Keywords: legal status, weather shocks, consumption behavior
    JEL: F22 D12 K42
    Date: 2015–09
  6. By: William R. Kerr; Martin Mandorff
    Abstract: We study the relationship between ethnicity, occupational choice, and entrepreneurship. Immigrant groups in the United States cluster in specific business sectors. For example, Koreans are 34 times more likely than other immigrants to operate dry cleaners, and Gujarati-speaking Indians are 108 times more likely to manage motels. We develop a model of social interactions where non-work relationships facilitate the acquisition of sector-specific skills. The resulting scale economies generate occupational stratification along ethnic lines, consistent with the reoccurring phenomenon of small, socially-isolated groups achieving considerable economic success via concentrated entrepreneurship. Empirical evidence from the United States supports our model's underlying mechanisms.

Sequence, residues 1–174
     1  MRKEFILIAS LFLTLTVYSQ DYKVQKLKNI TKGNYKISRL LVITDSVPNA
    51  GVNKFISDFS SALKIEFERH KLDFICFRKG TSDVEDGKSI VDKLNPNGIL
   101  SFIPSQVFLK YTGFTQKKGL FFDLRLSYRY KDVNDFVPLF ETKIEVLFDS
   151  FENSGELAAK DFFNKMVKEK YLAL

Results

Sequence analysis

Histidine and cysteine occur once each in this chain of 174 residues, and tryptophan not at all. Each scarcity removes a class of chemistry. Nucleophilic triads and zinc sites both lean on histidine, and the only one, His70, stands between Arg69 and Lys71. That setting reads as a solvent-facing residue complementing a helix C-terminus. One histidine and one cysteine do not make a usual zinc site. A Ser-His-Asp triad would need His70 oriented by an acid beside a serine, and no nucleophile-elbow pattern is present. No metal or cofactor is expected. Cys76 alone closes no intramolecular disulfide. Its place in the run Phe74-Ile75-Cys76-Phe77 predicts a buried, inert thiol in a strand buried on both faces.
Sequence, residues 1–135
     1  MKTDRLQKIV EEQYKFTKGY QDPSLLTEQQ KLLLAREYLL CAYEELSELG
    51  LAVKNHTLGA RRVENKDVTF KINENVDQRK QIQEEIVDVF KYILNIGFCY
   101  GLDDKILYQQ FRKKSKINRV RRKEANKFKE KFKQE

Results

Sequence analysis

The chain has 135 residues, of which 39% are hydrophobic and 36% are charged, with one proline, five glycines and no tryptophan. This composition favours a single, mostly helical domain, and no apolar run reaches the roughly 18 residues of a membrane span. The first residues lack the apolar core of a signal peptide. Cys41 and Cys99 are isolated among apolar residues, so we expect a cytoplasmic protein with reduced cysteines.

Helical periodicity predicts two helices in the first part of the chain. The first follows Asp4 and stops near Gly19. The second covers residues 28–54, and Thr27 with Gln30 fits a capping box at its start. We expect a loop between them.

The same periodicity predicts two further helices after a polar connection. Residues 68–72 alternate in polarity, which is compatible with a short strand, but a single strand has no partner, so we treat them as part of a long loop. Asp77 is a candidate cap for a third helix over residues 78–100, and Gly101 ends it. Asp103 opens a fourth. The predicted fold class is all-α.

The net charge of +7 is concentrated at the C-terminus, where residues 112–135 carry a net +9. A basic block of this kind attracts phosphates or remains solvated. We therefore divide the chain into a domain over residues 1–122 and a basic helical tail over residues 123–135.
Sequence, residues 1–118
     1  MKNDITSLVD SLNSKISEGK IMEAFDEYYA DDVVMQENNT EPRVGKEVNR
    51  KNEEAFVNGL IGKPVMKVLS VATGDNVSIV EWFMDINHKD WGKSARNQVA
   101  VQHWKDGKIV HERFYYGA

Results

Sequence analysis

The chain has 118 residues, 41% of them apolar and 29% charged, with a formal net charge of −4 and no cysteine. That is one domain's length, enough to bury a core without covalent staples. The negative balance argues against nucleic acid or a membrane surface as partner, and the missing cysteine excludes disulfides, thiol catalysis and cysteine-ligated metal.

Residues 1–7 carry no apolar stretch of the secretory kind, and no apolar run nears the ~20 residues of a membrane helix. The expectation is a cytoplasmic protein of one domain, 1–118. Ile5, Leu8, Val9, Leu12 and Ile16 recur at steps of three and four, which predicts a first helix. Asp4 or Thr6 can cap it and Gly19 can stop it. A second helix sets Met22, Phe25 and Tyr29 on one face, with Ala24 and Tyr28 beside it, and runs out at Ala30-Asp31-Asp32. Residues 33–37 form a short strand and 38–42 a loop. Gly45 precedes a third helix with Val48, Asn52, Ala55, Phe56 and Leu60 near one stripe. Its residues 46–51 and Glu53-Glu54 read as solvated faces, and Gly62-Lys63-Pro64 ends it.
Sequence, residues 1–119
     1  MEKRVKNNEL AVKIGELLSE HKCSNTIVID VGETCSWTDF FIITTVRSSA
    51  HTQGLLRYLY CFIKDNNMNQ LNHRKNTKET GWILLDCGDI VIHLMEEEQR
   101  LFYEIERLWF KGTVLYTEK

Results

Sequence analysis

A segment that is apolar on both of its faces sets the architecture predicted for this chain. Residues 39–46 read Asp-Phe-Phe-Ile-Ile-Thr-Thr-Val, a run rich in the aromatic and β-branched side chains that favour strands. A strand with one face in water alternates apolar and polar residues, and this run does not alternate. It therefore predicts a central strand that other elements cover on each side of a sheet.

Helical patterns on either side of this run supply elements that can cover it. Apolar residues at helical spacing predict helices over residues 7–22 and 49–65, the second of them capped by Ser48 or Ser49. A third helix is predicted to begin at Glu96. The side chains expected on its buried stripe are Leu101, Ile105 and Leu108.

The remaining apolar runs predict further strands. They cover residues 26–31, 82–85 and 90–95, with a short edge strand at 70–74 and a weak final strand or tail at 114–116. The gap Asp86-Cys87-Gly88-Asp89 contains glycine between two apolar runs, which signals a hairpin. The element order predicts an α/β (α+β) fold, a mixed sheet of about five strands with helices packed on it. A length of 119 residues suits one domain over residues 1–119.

JEL: D21 D22 D85 F22 J15 L14 L26 M13
    Date: 2015–09
  7. By: Jean-Denis GARON; Charles SÉGUIN
    Abstract: We study the welfare effects of a revenue-neutral green tax reform in a federation. The reform consists of increasing a tax on a polluting input and reducing that on labor income. Households are fully mobile within the federation. Regions are unequally endowed with a nonrenewable natural resource. Resource rents are owned by regions and are redistributed to citizens on a residence basis, which generates a motive for inefficiently relocating to the resource-rich jurisdiction. Since the resource-poor region has a higher marginal product of labor than does the resource-rich region, the tax reform mitigates the scope of inefficient migration. This positive welfare effect may significantly reduce abatement costs of pollution and calls for higher environmental tax, as compared with a model where migration is assumed away.
    Keywords: federalism, environment, taxation, equalization, mobility, externalities
    JEL: D62 H21 H23 H77
    Date: 2015
  8. By: Mike Waugh (New York University); David Lagakos (University of California, San Diego)